One of the many highlights of my recent March Break in Montreal was that I convinced the gang to eat at 3 Brasseurs no less the three times -- in three different locations! So there are 9 brasseurs implicated in this tale, and I am thankful to them all.
This may sound like a food safety nightmare, but it has worked for me so far. This recipe is from Joy of Cooking. If you're leery of the whole procedure (or think it's a crazy waste of time) then you could just use sour cream instead, or cottage cheese (but it may be too bland), but come on! Give it a go! It's fun, and worth it!
One day before you plan to Flamm:
This "pie" is cooked on a thin pizza dough -- we're talking cracker here. This is a bit of a challenge to pull off, but if you give a dough a 24 hour stint in the fridge, it builds up a massive amount of gluten (sorry Alison!) and can become a thin and wonderful thing.
To make the dough, you need 2 cups of flour, 1/2 tsp yeast, 1/2 tsp honey, 1/2 tsp salt, 3/4 cup plus 2 tbsp water (don't blame me, this measure is in the book), and 1/4 cup of vegetable oil.
The Cooks Illustrated team go on to describe a food processor method that looks like it is finished before you even start. I am a bit of a Luddite, however, and prefer the wooden spoon and bowl technique. For the Luddite version...
proof your yeast. I do this any time I make dough just to make sure my yeast is still alive. Take your water (it should be lukewarm), add the honey, add the yeast and stir. Wait about 5 mins, and you should see the yeast start to dance, and it will smell all boozy. Once this happens, you're good to go. If it doesn't make sure your water is warm enough -- if it is, go buy new yeast.
Mix the dry ingredients, but use only half the flour.
Gradually add the last half of the flour. It will become really hard to stir towards the end, but soilder on -- it's good for your pipes! You'll end up with a nice ball at the end. Knead the dough a bit in the bowl if stirring becomes impossible. Just grab an edge of the ball, pull it to the centre, press down, and keep working your way around the ball and the bowl until you feel like you're done and all the flour has disappeared.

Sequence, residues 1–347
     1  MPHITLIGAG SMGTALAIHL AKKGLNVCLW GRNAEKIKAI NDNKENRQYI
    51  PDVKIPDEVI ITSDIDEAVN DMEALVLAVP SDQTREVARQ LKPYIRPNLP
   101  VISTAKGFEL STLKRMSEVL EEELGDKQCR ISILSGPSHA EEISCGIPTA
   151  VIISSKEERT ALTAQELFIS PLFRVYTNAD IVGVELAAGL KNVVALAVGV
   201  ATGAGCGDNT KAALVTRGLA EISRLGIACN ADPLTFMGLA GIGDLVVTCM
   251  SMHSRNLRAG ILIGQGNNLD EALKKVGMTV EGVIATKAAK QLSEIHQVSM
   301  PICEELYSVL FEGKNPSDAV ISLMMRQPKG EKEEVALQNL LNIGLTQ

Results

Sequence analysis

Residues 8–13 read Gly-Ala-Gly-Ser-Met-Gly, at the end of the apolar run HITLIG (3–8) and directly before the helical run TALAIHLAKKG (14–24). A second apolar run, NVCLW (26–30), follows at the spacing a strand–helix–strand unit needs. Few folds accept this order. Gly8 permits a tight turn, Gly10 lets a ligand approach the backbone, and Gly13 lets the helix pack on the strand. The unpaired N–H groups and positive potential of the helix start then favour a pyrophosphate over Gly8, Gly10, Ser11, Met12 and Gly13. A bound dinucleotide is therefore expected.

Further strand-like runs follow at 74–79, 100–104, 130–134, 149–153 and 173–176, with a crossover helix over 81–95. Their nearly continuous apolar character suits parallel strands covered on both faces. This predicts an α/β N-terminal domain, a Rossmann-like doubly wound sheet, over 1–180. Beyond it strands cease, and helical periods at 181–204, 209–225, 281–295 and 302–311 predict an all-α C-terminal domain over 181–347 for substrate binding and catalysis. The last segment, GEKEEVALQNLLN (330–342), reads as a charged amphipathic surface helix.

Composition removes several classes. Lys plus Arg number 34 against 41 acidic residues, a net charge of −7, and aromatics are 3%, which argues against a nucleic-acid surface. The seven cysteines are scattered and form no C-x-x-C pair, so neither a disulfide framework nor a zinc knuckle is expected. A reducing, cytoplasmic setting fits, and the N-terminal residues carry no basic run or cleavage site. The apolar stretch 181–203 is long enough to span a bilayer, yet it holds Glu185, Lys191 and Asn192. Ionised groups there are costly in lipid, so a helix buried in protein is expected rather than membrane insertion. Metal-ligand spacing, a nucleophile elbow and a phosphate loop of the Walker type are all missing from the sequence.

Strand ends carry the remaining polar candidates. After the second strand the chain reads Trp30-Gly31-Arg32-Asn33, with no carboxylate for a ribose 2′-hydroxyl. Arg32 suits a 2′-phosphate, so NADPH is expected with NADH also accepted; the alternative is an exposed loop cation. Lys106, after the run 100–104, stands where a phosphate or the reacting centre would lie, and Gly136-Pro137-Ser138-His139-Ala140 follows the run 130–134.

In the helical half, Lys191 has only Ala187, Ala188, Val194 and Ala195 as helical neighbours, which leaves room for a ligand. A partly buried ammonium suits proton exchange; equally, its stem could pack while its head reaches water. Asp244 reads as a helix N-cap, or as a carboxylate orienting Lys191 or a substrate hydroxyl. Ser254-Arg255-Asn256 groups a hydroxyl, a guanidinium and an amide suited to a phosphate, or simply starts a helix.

Turn the dough out onto a nice floured surface...
Then pour a little olive oil on top and spread it around to coat the ball. Finally, pop it in a bowl, cover it, and put it in the fridge until the next day. (Cooks Illustrated says to put it in plastic wrap, but you already know how I feel about plastic. Just make sure your bowl is big enough -- this puppy will double or triple in size over night. This is also a warning to keep your yeast measurement as indicated -- if you're tempted to add more yeast you are sure to have a massive ball of dough take over your whole fridge -- like the chicken heart in that Fat Albert episode. You have been warned!)
On the day you plan to Flamm!
First bit of advice: do not get a massive head cold. It will diminish your enthusiasm and make you hesitate to have lots of beer. But, as I've said before, soilder on! (The dough will take over your fridge if you don't!)
To make the flamm, you need your dough, your creme fraiche, bacon, onions, and cheese (I went for compte, which is pretty dear, but also pretty awesome -- you could go for any gruyere, cheddar, whatever, just don't use mozza because you want some flavour here.) Cooks doesn't call for cheese, but 3 Brasseurs uses it and I wanted it, so there.
Three cheers for the 3 Brasseurs! Huzzah!